Savage Cycles V-Rod Chopper
From Dakota Digital
Choppers weren’t always store bought, boys and girls. Choppers used to be the ride of hardcore bikers, a two-wheeled middle-finger to the establishment. To stand out from the masses, these bikes were devoid of novelties such as turn signals and rearview mirrors. The point was to make a statement and display the rider’s personality. Are you familiar with the 1969 film Easy Rider? Those guys were rebels!
When did choppers lose their hardcore edge? Savage Cycles remembers when ‘chopper’ meant a hand-made piece of art that wholly expressed the personality of the builder. Not content with meeting his bike’s ‘twin’ at a stoplight, surgeon Tom Ghobrial commissioned the crew at Savage to build him a show-stopping chopper based on a Harley V-Rod Screamin’ Eagle engine to complement his stock V-Rod at home.
Harking back to the chopper’s heyday, Savage Cycles hand built nearly everything on the bike including the frame, tank, bars, fenders and exhaust. Featuring full air suspension and an extra-wide 300mm rear tire, the outstanding frame is held up by a front end made up of Goldammer and GForce components that have been modified by the Savage crew. While the wheels on the bike are from Renegade, the builders had to fabricate their own rotors and hubs to fit the chassis; the custom work never ends!
Ghobrial sits on the custom fabricated seat which was then treated to an ostrich-skin cover by Butch at High Rollers Seats. Jermey at Savage Cycles built the handlebars per Tom’s specs, and in the process incorporated a Dakota Digital HLY-3015 multi-function gauge in a raw steel mounting cup. This cup is offered for custom applications, in which the builder would like to incorporate the gauge into the bars; the Savage bike here is a textbook example. The cup is shipped without the chrome plating found on our other cups, making this piece ready for welding and paint or powdercoating to match any custom project. Savage employee and expert fabricator, Mike built the aforementioned seat pan as well as the front and rear fenders. Believe it or not, the paint work on this bike was also done in-house with Sean being responsible for the layout, gold leaf and marble graphics.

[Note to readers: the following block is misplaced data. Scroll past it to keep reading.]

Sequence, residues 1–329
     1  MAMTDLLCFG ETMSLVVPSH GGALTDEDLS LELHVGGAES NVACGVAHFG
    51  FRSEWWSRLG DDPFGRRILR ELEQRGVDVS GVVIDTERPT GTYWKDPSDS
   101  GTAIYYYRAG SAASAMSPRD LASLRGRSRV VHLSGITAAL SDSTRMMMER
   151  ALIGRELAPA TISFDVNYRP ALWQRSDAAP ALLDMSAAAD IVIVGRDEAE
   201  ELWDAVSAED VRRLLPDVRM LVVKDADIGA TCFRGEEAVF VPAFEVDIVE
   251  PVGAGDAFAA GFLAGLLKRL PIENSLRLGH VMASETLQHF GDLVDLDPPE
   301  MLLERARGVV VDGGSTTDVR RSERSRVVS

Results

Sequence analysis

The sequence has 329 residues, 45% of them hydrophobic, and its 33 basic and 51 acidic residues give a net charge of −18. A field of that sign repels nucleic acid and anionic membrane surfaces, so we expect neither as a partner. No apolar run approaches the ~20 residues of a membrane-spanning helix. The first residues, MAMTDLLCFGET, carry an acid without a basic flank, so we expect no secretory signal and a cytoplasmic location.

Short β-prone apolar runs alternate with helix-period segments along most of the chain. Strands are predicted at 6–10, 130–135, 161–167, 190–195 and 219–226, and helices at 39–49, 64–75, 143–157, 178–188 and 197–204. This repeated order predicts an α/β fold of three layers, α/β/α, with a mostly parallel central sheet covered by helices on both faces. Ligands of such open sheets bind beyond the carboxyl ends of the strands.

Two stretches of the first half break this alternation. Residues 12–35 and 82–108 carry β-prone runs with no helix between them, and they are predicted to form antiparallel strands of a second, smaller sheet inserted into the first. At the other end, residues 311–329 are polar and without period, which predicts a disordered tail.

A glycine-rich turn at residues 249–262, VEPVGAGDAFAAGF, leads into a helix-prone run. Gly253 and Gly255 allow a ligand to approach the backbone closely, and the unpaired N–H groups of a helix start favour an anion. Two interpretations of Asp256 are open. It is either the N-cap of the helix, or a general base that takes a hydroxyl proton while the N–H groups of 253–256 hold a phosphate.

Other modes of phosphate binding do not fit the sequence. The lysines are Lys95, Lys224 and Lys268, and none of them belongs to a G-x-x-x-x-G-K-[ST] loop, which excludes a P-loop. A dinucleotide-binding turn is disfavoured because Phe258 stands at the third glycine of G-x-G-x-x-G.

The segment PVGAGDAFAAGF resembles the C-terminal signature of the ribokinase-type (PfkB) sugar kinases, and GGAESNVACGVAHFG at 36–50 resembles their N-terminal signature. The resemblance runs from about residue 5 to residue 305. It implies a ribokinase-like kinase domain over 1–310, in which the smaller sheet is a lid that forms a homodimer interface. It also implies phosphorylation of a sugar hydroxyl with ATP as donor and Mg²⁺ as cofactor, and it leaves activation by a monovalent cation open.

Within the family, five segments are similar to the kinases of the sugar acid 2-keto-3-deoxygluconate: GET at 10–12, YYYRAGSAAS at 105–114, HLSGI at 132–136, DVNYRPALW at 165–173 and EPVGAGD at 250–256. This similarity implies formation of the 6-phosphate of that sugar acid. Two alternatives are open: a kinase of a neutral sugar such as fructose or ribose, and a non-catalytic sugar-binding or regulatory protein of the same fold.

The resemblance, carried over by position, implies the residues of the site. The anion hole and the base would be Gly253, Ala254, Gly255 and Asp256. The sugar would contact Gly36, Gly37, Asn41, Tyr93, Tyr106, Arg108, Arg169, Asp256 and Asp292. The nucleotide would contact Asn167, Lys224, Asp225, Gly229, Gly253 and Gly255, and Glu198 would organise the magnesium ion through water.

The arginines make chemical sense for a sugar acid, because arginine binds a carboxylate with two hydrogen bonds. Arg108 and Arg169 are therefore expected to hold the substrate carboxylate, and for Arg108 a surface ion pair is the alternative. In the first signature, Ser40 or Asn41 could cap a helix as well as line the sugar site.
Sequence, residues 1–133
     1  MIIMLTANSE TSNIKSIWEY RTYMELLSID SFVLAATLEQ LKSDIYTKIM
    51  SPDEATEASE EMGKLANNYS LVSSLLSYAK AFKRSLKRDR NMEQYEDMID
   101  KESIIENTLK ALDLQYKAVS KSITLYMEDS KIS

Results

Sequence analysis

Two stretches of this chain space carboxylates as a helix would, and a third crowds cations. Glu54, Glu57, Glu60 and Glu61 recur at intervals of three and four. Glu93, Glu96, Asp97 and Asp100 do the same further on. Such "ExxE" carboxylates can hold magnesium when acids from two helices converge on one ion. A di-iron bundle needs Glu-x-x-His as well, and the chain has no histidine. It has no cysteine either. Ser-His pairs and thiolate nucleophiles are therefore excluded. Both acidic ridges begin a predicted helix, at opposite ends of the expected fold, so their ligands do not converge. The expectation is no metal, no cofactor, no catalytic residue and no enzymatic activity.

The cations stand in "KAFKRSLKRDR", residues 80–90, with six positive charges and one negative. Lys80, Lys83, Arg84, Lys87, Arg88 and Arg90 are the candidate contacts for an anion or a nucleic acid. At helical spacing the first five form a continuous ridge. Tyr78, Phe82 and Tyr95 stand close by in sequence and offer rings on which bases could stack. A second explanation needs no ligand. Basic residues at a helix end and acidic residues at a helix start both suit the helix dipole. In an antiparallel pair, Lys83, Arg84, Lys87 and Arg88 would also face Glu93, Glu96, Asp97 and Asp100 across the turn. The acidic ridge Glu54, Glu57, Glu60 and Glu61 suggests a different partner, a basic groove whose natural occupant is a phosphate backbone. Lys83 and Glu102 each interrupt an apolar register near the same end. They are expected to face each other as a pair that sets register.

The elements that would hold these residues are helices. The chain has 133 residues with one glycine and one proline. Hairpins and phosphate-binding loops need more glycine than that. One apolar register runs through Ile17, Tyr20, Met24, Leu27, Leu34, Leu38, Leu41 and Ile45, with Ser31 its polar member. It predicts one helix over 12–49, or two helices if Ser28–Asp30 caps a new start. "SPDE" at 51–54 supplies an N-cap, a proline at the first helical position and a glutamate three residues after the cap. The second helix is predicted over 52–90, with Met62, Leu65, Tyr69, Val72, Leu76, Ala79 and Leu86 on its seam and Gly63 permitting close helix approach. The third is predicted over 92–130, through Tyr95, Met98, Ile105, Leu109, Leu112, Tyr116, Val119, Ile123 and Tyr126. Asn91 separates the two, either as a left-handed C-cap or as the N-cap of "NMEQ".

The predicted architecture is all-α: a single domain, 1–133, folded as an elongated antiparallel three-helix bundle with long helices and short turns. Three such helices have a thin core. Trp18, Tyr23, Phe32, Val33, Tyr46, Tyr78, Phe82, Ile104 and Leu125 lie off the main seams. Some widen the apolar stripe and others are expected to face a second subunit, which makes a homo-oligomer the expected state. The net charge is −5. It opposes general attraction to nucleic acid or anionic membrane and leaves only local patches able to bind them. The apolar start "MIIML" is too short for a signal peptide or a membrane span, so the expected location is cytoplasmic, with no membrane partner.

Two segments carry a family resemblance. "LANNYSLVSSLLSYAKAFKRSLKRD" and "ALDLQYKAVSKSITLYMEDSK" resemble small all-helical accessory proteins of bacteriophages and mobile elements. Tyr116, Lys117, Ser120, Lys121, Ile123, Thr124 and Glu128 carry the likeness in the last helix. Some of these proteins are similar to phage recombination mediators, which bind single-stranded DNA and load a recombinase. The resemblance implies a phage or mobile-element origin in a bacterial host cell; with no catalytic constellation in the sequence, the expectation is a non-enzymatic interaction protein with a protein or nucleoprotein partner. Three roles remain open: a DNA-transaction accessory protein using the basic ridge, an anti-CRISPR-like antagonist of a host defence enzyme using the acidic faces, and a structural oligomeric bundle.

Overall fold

Typically, a full-house custom bike of this caliber, first off, doesn’t get ridden much, if at all, and, second, is too uncomfortable to even sit on anyway. Tom Ghobrial reports that the bike is the perfect way to unwind after a long day of bone sawing and actually enjoys throwing a leg over this chopper more than the stock V-Rod residing in his garage.
Choppers were originally limited to the blue collar guys with the skills and vision to build their own. Today, the world of custom bikes has been opened up to everyone. While the die hard traditional chopper camp might wince at a surgeon, a ‘clean hands’ guy, riding a bike like this, they can rest assured that this bike carries more rebellious attitude than most ‘60’s choppers could dream of.